11. The vehicle detection apparatus according to claim 4, comprising: a white-line detecting block that detects a plural number of white lines on a road, which white lines are parallel to a direction in which the road extends in the captured image; an infinite-point detecting block that detects a position of an infinite point in the captured image by detecting an intersection of the plural number of white lines in the captured image; and a coordinate compensating block that compensates the second coordinate based the position of the infinite point.

12. A vehicle detection apparatus for detecting vehicles traveling on a road with their lights turned on, comprising: an image capturing block that captures images on a road; a light spot detecting block that detects a light spot from an image captured by the image capturing block; a first distance calculating block that calculates a distance to the light spot based on a horizontal length of the light spot in the captured image; a second distance calculating block that detects a vertical coordinate of the light spot in the captured image and for calculating a distance to the light spot based on correlated data in which vertical coordinates and distances in a captured image are correlated to each other in advance; a pitching amount calculating block that calculates a pitching amount that indicates a difference between the distances calculated by the first and second distance calculating blocks; and a vehicle light spot determining block that determines whether or not the light spot originates from a vehicle, based on the pitching amount.

13. The vehicle detection apparatus according to claim 12, wherein the light spot detected by the light spot detecting block is a horizontally located pair of light spots in the image captured by the image capturing block and the first distance calculating block is adapted to calculate a distance to the pair of light spots in the captured image, based on a spacing between the pair of light spots.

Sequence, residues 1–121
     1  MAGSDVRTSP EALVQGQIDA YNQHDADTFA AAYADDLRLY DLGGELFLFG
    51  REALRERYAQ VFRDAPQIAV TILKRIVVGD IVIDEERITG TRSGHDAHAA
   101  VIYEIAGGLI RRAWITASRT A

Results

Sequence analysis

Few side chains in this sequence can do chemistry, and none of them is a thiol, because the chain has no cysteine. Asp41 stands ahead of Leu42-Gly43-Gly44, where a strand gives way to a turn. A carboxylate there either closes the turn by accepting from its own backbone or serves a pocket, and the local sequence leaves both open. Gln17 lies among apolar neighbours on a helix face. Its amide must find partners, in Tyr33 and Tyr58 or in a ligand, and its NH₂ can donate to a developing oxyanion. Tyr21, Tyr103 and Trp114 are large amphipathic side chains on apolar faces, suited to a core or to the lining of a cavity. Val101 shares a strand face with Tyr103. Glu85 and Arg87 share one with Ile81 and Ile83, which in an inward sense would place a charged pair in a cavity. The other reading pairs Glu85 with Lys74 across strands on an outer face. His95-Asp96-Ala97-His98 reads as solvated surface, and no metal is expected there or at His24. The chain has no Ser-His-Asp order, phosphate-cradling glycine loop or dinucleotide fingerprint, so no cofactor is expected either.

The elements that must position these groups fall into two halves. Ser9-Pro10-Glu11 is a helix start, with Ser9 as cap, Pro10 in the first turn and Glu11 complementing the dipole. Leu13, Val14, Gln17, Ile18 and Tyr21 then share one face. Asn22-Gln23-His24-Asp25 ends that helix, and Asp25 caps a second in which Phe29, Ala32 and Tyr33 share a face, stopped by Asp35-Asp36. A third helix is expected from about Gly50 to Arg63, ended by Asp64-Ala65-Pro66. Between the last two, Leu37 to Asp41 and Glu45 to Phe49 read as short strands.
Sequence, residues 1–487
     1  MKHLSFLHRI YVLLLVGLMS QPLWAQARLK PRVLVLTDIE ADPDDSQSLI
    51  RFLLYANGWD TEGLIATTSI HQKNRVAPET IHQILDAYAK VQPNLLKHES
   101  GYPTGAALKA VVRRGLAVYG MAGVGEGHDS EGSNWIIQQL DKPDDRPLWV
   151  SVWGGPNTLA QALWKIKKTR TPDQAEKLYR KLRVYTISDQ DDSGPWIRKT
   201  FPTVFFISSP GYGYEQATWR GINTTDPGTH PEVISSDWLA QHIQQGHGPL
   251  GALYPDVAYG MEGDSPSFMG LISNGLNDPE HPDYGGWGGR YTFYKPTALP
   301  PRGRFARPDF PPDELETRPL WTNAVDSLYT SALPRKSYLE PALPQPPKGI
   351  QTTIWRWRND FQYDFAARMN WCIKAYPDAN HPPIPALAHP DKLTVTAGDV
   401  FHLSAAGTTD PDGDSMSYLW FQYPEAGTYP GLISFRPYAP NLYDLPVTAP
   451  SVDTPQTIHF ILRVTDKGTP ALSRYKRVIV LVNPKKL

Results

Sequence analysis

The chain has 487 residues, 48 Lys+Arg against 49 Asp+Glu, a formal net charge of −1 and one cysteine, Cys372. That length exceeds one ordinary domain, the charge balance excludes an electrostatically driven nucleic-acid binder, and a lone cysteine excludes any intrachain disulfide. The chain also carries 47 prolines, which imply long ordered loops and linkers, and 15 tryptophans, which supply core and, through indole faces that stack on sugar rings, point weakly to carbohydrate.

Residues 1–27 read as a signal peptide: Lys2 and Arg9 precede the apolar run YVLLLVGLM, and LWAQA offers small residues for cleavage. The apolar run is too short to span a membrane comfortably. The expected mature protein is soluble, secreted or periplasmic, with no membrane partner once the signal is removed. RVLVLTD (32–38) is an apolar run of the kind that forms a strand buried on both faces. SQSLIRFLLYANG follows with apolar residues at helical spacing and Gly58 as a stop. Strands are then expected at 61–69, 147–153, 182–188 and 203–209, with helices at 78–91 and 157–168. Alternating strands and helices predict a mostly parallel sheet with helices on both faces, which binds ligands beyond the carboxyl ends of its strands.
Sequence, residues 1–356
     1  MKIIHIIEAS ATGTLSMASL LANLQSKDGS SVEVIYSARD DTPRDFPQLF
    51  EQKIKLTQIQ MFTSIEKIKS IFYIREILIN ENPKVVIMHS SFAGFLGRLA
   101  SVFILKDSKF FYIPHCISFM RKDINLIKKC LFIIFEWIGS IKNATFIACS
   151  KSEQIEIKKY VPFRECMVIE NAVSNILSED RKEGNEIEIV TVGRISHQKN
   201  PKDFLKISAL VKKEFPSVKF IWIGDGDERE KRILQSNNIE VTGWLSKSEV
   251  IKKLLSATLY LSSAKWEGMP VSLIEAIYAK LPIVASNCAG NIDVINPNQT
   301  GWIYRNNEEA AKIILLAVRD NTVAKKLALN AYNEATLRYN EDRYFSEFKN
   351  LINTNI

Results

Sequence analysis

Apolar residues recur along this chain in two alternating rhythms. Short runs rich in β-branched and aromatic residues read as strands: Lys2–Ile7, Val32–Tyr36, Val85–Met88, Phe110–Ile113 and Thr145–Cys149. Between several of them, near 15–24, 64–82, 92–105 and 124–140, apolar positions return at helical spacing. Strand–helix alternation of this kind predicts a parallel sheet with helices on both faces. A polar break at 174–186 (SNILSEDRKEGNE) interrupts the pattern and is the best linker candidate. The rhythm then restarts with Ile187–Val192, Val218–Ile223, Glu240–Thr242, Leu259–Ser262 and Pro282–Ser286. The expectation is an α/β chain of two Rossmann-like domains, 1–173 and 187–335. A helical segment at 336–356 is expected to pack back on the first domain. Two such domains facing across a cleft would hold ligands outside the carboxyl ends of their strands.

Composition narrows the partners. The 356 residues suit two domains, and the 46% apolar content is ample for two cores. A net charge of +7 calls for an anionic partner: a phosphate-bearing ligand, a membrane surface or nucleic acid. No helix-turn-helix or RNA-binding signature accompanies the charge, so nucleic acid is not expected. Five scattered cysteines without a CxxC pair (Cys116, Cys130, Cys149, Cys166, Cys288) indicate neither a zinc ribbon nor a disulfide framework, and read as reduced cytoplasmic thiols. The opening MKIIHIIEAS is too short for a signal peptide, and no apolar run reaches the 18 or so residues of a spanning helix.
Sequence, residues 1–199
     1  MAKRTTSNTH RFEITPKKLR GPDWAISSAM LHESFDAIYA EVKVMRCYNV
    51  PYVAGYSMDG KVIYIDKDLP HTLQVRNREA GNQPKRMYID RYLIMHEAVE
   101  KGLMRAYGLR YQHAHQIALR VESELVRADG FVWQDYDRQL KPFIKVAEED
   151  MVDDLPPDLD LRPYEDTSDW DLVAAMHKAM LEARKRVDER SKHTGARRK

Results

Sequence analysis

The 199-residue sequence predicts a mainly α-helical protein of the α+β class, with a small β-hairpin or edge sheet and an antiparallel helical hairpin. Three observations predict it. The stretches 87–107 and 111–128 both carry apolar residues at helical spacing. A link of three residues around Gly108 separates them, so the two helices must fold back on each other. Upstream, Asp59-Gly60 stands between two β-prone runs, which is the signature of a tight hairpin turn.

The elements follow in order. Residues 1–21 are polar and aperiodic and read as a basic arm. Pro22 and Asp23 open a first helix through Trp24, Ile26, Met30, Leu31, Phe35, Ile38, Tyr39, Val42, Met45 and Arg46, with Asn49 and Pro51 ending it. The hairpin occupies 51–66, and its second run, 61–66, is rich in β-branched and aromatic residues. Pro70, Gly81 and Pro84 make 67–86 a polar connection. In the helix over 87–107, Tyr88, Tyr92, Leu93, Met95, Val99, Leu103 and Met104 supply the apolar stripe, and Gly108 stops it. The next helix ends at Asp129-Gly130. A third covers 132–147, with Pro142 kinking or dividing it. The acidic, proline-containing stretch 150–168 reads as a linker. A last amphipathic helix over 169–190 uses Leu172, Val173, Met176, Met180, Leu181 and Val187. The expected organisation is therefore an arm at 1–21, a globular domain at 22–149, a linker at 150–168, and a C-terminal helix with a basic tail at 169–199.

14. A light control apparatus loaded on a vehicle, for switching headlamps of the vehicle between high and low beams, comprising: a vehicle detection apparatus for detecting vehicles traveling on a road with their lights turned on; and light controlling means for switching the headlamps to a low beam when a vehicle is detected by the vehicle detecting means and for switching the headlamps to a high beam when no vehicle is detected by the vehicle detecting means, wherein the vehicle detection apparatus comprising: an image capturing block that captures images of a road a light spot detecting block that detects a light spot from an image captured by the image capturing block; a first coordinate detecting block that detects a first coordinate that indicates a vertical coordinate of the light spot in the captured image; a distance calculating block that calculates a distance to the light spot based on a horizontal length of the light spot in the captured image; a second coordinate detecting block that detects a second coordinate that indicates a vertical coordinate corresponding to the distance calculated by the distance calculating block, based on correlated data in which vertical coordinates and distances in a captured image are correlated to each other in advance; a pitching amount calculating block that calculates a pitching amount that indicates a difference between the first coordinate and the second coordinate in the captured image; and a vehicle light spot determining block that determines whether or not the light spot originates from a light spot of a vehicle, based on the pitching amount.

15. The light control apparatus according to claim 14, wherein the light spot detecting block detects a pair of horizontally located light spots as the light spot; the distance calculating block calculates a distance to the pair of light spots constituting the light spot in the captured image, based on a spacing between the pair of light spots; and the vehicle light spot determining block determines whether or not the pair of light spots originates from a vehicle, based on the pitching amount.